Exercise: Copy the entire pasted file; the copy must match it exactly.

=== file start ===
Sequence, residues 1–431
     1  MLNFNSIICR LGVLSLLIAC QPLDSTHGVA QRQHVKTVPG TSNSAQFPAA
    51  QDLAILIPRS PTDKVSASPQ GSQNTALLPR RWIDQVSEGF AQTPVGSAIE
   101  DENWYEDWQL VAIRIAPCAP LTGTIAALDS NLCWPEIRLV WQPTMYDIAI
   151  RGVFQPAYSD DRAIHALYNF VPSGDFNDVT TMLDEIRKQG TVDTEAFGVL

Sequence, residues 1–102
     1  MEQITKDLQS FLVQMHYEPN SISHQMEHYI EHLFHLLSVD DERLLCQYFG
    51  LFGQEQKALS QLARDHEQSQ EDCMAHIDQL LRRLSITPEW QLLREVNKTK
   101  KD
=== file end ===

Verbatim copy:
Sequence, residues 1–431
     1  MLNFNSIICR LGVLSLLIAC QPLDSTHGVA QRQHVKTVPG TSNSAQFPAA
    51  QDLAILIPRS PTDKVSASPQ GSQNTALLPR RWIDQVSEGF AQTPVGSAIE
   101  DENWYEDWQL VAIRIAPCAP LTGTIAALDS NLCWPEIRLV WQPTMYDIAI
   151  RGVFQPAYSD DRAIHALYNF VPSGDFNDVT TMLDEIRKQG TVDTEAFGVL

Sequence, residues 1–102
     1  MEQITKDLQS FLVQMHYEPN SISHQMEHYI EHLFHLLSVD DERLLCQYFG
    51  LFGQEQKALS QLARDHEQSQ EDCMAHIDQL LRRLSITPEW QLLREVNKTK
   101  KD